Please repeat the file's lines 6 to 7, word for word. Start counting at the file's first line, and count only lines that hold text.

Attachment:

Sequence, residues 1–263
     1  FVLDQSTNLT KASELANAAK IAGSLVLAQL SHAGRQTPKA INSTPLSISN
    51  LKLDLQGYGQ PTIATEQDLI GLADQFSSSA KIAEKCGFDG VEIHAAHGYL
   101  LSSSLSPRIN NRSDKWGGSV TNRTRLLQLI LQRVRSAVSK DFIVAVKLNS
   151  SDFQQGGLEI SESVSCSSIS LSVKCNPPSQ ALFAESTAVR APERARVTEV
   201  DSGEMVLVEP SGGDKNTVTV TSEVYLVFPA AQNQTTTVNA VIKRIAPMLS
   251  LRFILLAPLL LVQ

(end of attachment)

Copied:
   201  DSGEMVLVEP SGGDKNTVTV TSEVYLVFPA AQNQTTTVNA VIKRIAPMLS
   251  LRFILLAPLL LVQ